Seeking to allay fears on data loss

Times Staff Writers

Mari Nicholson doesn’t know for sure that her recent problems with identity theft have anything to do with a major computer security breach disclosed this week by UCLA. But it might explain some weird coincidences.

Nicholson, a 2003 UCLA graduate, was among those who received e-mail notification Tuesday that their personal information may have been stolen by hackers who broke into a central UCLA database in the fall of 2005 and had access to sensitive records until last month.

On Tuesday, UCLA officials were scrambling to answer questions from Nicholson and thousands of worried students, alumni, employees and others about the hacker attack. The records of about 800,000 people were in the compromised database.

University officials have said that although hackers obtained some Social Security numbers, the university had no evidence that any of the information was misused.


But some people, such as Nicholson, started looking for patterns that might explain their recent financial troubles.

Now a graduate student at Johns Hopkins University in Maryland, Nicholson, 25, said she discovered problems with her credit file in October when she tried to apply for a federal student loan. She found that someone had taken out a $24,500 car loan and made other purchases in her name using identifying details about her, including an old address from her student days at UCLA.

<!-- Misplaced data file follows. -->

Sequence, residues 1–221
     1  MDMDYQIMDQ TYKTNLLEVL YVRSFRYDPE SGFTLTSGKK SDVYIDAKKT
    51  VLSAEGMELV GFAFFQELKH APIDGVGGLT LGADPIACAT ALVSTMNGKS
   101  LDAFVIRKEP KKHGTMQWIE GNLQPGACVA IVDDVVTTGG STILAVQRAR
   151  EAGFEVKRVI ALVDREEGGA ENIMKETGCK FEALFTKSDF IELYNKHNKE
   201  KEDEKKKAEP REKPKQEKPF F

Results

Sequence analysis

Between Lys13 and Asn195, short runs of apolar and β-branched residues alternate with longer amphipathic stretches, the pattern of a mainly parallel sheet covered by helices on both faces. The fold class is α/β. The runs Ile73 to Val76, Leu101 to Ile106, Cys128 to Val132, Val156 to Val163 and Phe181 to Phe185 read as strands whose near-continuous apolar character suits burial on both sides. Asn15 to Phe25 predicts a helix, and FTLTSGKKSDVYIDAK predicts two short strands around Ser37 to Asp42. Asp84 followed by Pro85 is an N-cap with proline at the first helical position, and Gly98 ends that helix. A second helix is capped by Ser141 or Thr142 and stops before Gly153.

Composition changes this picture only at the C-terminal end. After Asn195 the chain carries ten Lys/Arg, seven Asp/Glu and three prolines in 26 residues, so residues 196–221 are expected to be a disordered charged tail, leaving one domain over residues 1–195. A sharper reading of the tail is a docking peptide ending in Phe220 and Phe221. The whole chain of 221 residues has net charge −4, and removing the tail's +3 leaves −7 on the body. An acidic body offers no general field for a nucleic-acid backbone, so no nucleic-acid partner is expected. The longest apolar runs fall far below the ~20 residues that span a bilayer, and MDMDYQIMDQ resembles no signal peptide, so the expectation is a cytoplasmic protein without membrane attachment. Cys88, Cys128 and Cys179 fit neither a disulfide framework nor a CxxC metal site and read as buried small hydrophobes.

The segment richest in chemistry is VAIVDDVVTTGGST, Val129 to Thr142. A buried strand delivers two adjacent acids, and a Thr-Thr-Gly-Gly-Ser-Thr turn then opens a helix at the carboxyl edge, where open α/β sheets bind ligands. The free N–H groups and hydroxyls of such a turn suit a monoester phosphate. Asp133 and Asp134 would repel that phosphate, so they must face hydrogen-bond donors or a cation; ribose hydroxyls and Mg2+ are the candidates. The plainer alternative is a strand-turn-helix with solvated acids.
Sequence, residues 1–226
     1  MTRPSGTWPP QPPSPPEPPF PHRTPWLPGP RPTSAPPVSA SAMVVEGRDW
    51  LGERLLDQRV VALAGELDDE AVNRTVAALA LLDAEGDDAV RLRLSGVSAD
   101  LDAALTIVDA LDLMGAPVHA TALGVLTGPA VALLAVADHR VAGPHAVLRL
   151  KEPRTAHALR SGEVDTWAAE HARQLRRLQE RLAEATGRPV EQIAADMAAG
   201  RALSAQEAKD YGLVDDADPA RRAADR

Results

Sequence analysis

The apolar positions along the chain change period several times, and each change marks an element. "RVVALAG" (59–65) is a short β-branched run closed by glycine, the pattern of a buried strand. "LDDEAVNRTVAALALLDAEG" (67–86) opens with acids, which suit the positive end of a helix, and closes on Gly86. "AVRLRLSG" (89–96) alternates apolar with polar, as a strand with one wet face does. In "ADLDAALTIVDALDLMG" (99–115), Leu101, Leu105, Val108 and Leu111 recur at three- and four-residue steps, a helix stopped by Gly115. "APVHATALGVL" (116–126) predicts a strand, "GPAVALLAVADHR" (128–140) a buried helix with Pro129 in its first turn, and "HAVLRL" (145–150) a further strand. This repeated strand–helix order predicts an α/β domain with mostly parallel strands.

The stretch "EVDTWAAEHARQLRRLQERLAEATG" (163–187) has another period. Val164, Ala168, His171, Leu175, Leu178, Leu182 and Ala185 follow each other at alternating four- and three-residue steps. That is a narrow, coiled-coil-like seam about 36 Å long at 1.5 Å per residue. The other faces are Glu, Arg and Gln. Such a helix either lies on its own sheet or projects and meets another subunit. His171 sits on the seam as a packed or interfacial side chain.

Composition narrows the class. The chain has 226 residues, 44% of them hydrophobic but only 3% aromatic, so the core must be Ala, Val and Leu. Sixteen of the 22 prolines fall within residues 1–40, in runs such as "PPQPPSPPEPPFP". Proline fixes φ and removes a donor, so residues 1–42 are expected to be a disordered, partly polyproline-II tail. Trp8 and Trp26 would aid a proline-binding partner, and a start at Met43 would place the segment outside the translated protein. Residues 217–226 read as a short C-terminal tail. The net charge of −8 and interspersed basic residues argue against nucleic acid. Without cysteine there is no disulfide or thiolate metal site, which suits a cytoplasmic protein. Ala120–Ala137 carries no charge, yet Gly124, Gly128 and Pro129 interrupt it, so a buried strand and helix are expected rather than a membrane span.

Nicholson said she has spent hours nearly every day trying to straighten out her badly tarnished credit file -- notifying police, dealing with creditors and closely monitoring her credit reports. When she saw the e-mail that UCLA sent to potential victims, it all seemed to make sense.

“I thought, like, ‘Bingo!’ ” she said. “It may or may not be related, but it would sure solve a lot of the mystery of it.”


College computer systems throughout the country are becoming an increasingly popular target for hackers. Several security experts said the breach at UCLA appears to be one of the largest ever suffered by an American university.

The university sent e-mail or letters to those in the database for whom it had contact information. It also established a website to provide information and answer questions about the incident -- -- and set up a toll-free hotline: (877) 533-8082.

By 5 p.m., a spokesman said, the hotline -- actually 25 call centers around the country -- had received about 8,450 calls, many from people who had not received notification but had reason to believe they might be part of the affected group. By 2 p.m., the website had received 10,000 individual visitors.

“It goes without saying that most people are expressing concern,” UCLA spokesman Phil Hampton said. He added that at least 50 more calls had been fielded at the office of acting Chancellor Norman Abrams, who has sent potential victims a letter notifying them of the breach and expressing regret.


On campus, students and employees voiced concern about the incident and said it was the talk of dorms and offices.